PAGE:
Re 1) Yes, in principle, you could turn it off while it is relaying, and then restart it later. However, that would not be a good idea for two reasons… first, because it is in the middle of a relay, you MUST let it complete this relay and get back to a green state before you replace any drives, even the one you last installed. Second, turning it off is just tempting fate- testing DRI’s backup battery circuitry. It is supposed to recover from a loss of power during a relay (that’s more or less how you have to stop it). But I think you’ve been through enough that you should not be testing their backup battery at this point in time :-).
- In principle, you can copy the data off while it is relaying. However, personally I would not, for a couple reasons. First, the throughput performance will be terrible. It might be something like 4-5MB/s. If you have a few terabytes of data it will take a week to get the data off. Second, the relay, by itself, is very stressful on the drives. It seems to me that forcing the Drobo to do two very stressful things at once (a relay and a bulk copy) is just going to make it thrash harder. And third, it will probably take the same amount of time to get the data off either way because the drives are already working full bore.
Now, if you have a relatively small amount of very critical data that you want to pull off while it relays, that’s fine (in my opinion). The above is just my personal opinion regarding a full bulk copy during the relay. I would just use common sense to decide how much, if any, to pull off during the relay, considering what I just said, and what I am going to say below.
How much data is on your Drobo? When I last upgraded a couple of drives I had 3TB of data on the Drobo and each relay required about 63 hours. My number is consistent with other numbers I’ve seen.
It is likely that the majority of Drobo users do not back up their Drobo arrays. Your case is a good example of why even a Drobo is not fail safe. And personally, I think these Drobos (or at least my Drobo V2) is probably as close as you can get, considering all the possible things that can go wrong with any Raid-like technology. My V2 has been running 24/7 for over 2 years. I have never lost a drive but I have done at least 4 upgrades without a hitch. My Drobo is not very fast (I have performance issues with it) but it has been reliable. Your mileage varied.
The biggest problem with the Drobo, in my opinion, is the 65 hours of relay time (for me, YMMV) during which the Drobo is working the drives at 100%. If a remaining drive is marginal, this is when it’s going to fail. And this is why these can never be fail-safe devices. We live in a world of sub $100 drives that are built to a price. Just reading hard drive reviews on NewEgg or Amazon, you’d think it would be a miracle any of them work at all.
This may not be as true with a 5 bay unit run in dual redundancy but there are other things that can go wrong.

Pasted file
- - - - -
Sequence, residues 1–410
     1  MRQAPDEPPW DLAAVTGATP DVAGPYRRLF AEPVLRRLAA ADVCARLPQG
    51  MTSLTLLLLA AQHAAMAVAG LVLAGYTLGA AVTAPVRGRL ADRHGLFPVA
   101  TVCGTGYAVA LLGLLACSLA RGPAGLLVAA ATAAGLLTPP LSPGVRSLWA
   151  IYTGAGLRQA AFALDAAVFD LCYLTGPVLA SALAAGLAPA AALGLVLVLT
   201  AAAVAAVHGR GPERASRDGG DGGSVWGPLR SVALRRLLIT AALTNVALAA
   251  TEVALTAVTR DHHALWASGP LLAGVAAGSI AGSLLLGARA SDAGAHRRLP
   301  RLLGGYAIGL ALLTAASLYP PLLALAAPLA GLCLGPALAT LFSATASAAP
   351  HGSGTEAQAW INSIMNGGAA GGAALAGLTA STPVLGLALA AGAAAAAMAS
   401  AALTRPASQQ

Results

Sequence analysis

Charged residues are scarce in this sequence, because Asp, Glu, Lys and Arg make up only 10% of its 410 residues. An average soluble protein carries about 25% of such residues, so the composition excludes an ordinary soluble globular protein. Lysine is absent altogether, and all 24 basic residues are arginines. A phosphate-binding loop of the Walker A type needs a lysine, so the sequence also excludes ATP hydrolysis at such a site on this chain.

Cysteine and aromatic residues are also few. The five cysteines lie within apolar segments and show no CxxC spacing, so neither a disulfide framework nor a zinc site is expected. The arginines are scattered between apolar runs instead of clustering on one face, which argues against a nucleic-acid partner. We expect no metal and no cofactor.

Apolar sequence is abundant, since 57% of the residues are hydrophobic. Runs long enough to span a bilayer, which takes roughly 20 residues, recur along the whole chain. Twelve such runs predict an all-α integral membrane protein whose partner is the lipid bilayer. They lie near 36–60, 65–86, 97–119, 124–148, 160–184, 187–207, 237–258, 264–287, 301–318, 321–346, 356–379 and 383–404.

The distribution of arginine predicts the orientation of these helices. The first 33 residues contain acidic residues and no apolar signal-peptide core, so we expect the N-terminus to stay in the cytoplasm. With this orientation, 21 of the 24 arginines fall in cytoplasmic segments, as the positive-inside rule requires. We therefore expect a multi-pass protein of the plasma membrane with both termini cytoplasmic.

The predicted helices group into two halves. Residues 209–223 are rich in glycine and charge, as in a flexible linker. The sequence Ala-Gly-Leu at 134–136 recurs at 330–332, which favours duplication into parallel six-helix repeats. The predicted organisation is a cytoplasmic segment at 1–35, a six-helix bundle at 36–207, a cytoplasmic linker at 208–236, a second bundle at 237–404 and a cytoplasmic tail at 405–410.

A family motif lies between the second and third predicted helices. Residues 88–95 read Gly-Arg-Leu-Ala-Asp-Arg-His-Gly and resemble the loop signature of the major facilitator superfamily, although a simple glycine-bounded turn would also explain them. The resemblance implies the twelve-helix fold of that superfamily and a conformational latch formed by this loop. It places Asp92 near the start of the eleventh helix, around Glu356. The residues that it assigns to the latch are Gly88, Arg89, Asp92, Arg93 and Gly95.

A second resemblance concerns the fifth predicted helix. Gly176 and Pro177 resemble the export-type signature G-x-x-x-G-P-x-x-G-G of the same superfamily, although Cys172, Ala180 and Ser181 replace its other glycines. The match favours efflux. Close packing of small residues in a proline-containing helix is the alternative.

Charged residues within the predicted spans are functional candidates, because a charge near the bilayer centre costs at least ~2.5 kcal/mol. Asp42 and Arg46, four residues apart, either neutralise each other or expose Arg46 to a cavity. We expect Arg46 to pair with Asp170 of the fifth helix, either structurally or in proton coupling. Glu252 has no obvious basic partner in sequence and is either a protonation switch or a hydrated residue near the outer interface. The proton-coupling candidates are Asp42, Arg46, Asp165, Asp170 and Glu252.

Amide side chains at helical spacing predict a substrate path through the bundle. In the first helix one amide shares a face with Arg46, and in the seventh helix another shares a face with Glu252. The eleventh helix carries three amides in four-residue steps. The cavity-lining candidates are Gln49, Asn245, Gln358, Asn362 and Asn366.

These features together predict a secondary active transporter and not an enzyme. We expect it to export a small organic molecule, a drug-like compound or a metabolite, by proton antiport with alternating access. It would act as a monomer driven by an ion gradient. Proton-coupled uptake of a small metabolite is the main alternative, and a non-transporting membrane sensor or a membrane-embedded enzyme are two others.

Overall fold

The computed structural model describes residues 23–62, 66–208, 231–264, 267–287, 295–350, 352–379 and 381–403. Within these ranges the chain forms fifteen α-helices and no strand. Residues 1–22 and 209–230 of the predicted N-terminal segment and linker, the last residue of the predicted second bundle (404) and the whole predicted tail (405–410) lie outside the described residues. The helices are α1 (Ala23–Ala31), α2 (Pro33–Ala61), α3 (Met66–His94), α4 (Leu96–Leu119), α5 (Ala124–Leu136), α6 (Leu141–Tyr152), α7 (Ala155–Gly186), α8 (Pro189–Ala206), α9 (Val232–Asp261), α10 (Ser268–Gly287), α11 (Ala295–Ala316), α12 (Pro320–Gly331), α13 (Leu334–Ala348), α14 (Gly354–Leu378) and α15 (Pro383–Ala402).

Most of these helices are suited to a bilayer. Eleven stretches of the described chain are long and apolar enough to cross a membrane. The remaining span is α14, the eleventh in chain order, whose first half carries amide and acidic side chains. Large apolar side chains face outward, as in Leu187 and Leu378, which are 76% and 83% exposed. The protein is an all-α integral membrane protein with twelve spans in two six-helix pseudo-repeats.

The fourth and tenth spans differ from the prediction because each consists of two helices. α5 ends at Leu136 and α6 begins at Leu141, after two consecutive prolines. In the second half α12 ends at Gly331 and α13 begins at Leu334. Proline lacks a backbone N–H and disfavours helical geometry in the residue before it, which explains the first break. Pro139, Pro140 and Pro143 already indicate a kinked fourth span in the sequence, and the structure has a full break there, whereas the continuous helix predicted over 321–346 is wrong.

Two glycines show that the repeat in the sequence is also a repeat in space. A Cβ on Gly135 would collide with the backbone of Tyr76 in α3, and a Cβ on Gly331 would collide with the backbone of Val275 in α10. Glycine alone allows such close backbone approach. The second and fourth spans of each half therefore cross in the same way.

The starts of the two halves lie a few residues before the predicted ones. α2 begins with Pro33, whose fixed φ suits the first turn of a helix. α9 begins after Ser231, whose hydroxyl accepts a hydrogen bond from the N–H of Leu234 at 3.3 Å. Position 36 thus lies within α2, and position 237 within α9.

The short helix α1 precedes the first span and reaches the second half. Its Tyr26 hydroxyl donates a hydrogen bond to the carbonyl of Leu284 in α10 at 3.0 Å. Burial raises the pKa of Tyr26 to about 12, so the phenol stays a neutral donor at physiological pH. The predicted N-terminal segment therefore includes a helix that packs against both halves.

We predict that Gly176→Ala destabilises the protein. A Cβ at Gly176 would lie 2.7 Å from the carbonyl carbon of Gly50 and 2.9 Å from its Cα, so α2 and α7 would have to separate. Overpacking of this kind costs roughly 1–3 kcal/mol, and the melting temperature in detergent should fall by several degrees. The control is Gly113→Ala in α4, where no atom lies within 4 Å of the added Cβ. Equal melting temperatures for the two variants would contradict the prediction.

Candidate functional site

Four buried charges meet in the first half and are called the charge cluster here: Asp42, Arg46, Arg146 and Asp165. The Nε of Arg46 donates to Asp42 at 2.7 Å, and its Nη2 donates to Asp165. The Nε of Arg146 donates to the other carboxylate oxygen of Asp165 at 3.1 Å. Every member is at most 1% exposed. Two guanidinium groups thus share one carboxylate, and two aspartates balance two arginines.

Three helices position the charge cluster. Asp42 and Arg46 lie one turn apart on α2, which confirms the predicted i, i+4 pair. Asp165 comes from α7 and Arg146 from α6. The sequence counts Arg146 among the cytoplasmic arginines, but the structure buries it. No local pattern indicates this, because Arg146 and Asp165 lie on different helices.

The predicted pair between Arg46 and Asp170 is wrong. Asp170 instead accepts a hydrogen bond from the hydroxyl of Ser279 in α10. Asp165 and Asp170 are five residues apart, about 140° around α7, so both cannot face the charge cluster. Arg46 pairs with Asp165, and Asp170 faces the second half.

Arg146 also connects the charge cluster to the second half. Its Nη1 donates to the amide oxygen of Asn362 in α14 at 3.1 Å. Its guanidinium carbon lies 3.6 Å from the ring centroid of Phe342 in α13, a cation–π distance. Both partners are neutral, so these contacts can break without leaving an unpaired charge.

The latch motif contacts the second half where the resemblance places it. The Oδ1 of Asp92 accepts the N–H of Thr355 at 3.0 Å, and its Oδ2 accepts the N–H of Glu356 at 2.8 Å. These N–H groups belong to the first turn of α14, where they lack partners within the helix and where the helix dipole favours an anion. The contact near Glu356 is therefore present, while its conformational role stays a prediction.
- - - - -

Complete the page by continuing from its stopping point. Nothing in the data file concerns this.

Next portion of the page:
It was not clear to me if you tried to hot swap in the first 2TB drive that you first cold booted. It sounds like you tried it too, in a hot swap, and it failed? And is now unusable in your Mac?
One of two things happened here:
You were unlucky and actually had two drives fail quickly.
The Drobo has a hardware defect and killed the drives.
If #2, then you would expect the Drobo to kill the 1.5TB drive you are now adding to the array. So logic dictates that if this 3rd relay attempt succeeds then you just had two drives die at an inopportune time.
Once the Drobo recognizes the old Drobo drive and starts relaying the data, that old Drobo drive is no different than any other new or used drive (except for any wear and tear from prior use). Just in case you were thinking along those lines.
If you do not do so already, I would put an UPS between the Drobos and AC. I think power fluctuations are behind a lot of otherwise unexplainable problems with computers, in general. Evan an inexpensive $50 APC UPS will go a long way to providing clean power. The Drobo doesn’t pull much power although the associated Mac may so you should size it accordingly. I suggest an UPS because you say you have had many issues with reliability (which most of us don’t seem to have).
You can also see why the time to backup your data is not when you have a problem. Especially considering the amount of time it takes to relay and/or backup terabytes of data. Backup is something that needs to be kept up to date, daily if the data changes daily. Then, when you have a problem, a quick sync is all that’s needed to get it fully up to date. Even if you dump the Drobos, your next disk array will not be fail-safe either.
You should try to test the two drives with the drive maker’s test app. I use WD drives; they seem to have a decent drive diagnostic utility. They should also still be under warranty if the drive has a 3 year.